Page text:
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- Introductory Statistics Notes
- Concept of Probability and Probability Distribution
- Sampling Distributions
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- informatika_36_5
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- Student Slides Supplement 15
- Stat 151 Formulas
- Statistical Analysis Notes
- A Model of Choice for Public Policy
- 12. Inference About Two Populations
- Comparison of TV Viewer Final

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13 Normal Distribution

1.

[CJC/2011/P2/Q8]

The weight of the contents of a randomly chosen packet of biscuits type A may be taken to have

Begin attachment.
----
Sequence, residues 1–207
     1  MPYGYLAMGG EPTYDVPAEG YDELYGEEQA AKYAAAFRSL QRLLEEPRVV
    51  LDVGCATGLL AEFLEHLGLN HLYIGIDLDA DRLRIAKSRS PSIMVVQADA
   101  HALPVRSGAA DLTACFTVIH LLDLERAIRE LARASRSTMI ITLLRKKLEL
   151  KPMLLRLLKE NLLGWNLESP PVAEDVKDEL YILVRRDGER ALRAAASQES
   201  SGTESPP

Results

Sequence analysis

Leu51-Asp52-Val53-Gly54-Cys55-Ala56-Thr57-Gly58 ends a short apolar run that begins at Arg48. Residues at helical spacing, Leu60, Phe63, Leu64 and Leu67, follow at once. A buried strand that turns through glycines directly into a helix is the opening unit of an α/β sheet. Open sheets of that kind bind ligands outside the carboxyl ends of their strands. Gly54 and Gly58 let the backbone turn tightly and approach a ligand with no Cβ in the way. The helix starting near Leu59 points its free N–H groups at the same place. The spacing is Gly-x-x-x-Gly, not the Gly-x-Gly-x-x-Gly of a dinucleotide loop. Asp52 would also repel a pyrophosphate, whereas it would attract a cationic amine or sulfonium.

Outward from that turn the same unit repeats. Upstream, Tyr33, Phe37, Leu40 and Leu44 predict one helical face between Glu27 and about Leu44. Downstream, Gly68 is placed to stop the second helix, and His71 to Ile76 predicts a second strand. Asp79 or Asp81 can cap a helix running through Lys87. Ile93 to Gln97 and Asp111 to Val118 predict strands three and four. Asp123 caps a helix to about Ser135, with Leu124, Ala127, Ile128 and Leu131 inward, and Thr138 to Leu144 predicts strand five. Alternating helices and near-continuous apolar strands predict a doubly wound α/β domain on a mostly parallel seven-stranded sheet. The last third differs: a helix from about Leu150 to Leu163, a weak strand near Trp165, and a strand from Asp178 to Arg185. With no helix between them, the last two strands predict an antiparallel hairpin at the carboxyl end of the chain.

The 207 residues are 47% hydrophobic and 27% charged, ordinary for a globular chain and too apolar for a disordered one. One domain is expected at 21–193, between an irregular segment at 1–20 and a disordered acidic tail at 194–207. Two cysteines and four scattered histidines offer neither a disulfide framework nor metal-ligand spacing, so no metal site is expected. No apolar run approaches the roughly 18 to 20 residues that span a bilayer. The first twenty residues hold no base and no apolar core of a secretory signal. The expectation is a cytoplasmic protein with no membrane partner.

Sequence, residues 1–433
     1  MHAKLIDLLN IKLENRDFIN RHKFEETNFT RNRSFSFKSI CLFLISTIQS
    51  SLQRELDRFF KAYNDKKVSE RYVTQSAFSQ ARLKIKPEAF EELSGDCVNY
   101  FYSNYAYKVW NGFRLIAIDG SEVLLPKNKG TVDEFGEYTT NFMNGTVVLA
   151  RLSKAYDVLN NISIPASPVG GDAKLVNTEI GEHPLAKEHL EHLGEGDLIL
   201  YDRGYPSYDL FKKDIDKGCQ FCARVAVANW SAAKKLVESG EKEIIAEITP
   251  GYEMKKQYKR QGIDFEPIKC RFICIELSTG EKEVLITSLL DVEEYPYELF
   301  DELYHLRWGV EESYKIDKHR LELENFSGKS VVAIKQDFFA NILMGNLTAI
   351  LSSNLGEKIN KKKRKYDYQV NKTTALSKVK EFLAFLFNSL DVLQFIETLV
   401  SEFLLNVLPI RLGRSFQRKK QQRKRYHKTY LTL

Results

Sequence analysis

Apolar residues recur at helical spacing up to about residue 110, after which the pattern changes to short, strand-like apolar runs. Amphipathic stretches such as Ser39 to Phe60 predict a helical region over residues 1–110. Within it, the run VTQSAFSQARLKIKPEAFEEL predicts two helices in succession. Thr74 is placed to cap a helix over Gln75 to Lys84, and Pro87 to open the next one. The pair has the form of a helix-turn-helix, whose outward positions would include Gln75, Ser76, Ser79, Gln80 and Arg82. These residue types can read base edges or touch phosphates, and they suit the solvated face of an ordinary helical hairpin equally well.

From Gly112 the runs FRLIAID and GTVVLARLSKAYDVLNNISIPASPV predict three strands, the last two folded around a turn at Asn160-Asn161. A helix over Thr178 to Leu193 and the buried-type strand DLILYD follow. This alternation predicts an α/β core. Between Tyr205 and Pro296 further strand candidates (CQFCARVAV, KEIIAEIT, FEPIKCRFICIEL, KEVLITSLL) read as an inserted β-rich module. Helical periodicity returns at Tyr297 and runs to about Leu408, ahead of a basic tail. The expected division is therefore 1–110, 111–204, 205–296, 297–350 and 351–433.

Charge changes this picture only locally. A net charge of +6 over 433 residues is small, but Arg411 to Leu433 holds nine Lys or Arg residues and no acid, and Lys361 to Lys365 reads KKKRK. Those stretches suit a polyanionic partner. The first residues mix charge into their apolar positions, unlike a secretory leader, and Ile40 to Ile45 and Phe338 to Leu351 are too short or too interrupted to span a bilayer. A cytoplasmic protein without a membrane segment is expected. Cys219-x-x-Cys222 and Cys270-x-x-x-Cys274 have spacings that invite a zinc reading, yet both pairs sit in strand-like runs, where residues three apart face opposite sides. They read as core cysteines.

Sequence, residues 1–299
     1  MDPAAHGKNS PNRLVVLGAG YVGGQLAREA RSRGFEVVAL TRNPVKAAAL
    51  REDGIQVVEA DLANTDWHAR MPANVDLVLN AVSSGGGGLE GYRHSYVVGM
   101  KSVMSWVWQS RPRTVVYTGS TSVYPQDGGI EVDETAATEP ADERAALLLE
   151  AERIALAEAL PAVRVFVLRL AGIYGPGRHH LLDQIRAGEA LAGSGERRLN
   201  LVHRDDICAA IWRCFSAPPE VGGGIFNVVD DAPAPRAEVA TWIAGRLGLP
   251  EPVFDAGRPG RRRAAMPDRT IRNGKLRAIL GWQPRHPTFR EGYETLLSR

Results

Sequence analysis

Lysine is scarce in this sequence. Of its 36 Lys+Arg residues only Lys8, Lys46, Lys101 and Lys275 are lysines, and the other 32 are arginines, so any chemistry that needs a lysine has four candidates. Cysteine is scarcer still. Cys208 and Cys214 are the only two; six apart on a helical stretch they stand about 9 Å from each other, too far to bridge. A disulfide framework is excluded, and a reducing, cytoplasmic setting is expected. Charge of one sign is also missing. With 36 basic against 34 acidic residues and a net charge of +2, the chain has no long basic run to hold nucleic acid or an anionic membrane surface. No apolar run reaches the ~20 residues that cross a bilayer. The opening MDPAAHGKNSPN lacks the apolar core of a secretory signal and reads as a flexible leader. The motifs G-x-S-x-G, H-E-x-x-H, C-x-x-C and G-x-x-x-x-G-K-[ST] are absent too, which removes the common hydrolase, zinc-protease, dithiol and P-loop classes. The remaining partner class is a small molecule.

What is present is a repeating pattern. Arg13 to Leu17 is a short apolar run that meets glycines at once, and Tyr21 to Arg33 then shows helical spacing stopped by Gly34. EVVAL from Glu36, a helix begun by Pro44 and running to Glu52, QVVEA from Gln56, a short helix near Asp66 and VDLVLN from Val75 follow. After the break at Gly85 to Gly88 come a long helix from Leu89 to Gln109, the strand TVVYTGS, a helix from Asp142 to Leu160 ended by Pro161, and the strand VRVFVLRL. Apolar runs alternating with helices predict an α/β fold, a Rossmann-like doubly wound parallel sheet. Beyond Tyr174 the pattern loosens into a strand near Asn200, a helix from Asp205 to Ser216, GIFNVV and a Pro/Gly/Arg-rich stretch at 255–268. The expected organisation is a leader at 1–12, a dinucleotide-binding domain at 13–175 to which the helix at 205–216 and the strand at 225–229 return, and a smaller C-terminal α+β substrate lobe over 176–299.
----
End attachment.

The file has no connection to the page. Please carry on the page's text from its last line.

a normal distribution with mean 260 g and standard deviation 10 g. The weight of the

packaging may be taken to have an independent normal distribution with mean g and

standard deviation g.

Let C and G be the random variables denoting the weight in g of the contents of a randomly chosen

packet of biscuits type A and the weight in g of the packaging respectively.

(i) Given P(C + G > 290 ) = 0.075396 and P(C G < 270) = 0.99168 , show that =15

and = 3 correct to the nearest integer.

[4]

The weight in g, of the contents of a randomly chosen packet of biscuits type B may also be taken to

have a normal distribution with mean 180g and standard deviation 15g.

(ii) Find the probability that the difference in weight between the contents of 5 randomly chosen

packets of biscuits type B and thrice the contents of a randomly chosen packet of biscuits type

A is more than 10g.

[4]

A random sample of 120 packets of biscuits type B is taken and the mean weight of the contents is